One of the most common causes of nasal stuffiness is turbinate hypertrophy. The turbinates are structures inside the nose that consist of bone and soft tissue. The soft tissue portion can swell up (become hypertrophied), causing nasal stuffiness. In each side of the nose, there are three nasal turbinates, located on the nasal sidewall. They are oriented from top to bottom as the superior, middle, and inferior turbinates.
There are many causes of turbinate swelling (hypertrophy). These include: upper respiratory tract infection (common cold), sinus infection, allergies, auto-immune diseases which affect the nose/sinsuses, and non-allergic rhinitis (a condition where the nose is overly sensitive to irritants such as chemicals, smoke, strong perfumes, etc.)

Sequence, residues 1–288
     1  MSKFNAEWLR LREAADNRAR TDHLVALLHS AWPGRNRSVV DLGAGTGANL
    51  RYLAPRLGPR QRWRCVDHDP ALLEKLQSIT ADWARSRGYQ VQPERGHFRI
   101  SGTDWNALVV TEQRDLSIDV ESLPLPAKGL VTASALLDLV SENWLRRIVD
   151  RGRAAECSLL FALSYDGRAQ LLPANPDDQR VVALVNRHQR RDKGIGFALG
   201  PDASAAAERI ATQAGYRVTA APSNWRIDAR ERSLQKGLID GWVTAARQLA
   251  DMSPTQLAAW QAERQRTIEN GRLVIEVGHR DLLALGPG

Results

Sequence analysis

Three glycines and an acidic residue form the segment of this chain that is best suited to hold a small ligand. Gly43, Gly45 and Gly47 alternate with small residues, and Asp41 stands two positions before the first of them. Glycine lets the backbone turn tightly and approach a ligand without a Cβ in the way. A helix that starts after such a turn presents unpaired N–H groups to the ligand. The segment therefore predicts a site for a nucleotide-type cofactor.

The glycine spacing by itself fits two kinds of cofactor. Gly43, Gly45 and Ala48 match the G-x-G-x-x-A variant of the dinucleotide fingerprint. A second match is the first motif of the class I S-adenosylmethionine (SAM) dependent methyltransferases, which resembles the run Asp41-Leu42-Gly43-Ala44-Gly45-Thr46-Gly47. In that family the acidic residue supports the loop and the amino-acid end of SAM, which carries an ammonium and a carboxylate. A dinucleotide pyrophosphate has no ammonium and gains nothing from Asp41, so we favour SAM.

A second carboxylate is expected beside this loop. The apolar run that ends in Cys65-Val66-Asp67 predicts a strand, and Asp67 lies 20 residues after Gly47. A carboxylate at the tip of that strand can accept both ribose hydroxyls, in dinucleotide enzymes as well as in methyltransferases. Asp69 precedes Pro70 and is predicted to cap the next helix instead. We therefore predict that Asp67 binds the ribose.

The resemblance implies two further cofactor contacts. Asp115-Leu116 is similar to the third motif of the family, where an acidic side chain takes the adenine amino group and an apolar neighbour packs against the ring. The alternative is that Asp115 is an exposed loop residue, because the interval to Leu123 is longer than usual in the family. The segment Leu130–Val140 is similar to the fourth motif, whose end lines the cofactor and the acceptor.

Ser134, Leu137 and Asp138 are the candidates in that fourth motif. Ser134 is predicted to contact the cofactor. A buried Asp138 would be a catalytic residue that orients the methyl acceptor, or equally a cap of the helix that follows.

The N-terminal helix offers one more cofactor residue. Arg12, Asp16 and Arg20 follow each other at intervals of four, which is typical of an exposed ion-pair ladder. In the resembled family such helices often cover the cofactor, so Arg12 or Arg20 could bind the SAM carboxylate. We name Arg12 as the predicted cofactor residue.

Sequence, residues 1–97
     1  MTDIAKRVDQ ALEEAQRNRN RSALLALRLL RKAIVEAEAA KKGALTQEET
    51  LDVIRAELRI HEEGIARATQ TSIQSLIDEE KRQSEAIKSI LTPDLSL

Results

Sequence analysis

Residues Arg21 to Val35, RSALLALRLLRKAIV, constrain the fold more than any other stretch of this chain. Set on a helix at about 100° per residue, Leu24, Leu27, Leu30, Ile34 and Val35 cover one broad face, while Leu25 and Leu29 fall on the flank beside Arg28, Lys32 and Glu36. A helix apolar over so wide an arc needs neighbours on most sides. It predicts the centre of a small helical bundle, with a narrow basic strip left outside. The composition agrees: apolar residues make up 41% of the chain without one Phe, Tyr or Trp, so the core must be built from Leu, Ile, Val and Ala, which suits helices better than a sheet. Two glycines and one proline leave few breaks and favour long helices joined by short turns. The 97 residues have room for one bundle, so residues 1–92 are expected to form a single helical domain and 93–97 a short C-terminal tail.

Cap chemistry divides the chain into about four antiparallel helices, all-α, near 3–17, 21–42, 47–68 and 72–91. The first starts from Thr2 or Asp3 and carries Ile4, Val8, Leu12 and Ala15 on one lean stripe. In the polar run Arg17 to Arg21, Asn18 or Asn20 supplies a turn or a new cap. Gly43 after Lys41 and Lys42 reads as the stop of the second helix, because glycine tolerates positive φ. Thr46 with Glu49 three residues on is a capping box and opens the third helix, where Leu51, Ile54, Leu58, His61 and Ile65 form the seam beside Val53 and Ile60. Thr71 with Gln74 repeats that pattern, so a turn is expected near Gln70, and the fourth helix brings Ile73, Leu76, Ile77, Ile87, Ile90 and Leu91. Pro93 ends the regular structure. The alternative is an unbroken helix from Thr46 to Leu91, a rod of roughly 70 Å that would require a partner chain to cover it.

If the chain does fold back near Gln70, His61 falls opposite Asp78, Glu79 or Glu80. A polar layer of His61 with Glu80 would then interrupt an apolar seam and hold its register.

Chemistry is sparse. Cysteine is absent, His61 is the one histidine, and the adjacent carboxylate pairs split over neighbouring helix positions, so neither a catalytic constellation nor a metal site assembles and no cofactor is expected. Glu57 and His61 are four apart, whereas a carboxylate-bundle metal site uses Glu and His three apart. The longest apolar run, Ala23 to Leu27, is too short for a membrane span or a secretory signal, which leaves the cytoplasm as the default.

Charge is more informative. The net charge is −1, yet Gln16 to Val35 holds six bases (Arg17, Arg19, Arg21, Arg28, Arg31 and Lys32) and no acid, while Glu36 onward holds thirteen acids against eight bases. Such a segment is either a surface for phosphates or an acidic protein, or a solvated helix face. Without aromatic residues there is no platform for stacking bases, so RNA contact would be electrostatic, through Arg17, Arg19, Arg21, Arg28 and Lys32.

Usually, turbinate hypertrophy can be managed medically by addressing the underlying problem. Treatments include nasal steroid sprays, topical and oral allergy medications, nasal saline rinses, and occasionally decongestants.
Occasionally, turbinate hypertrophy does not respond to medical therapy. In these cases, a surgical turbinate reduction (turbinoplasty) may be recommended. Often, this can be done in the office with local anesthesia. Other times, turbinate reduction is done in the operating room in conjunction with other nasal operations, including: septoplasty, endoscopic sinus surgery, or nasal valve repair.
If you think you have turbinate hypertrophy, your physician can discuss the appropriate treatment.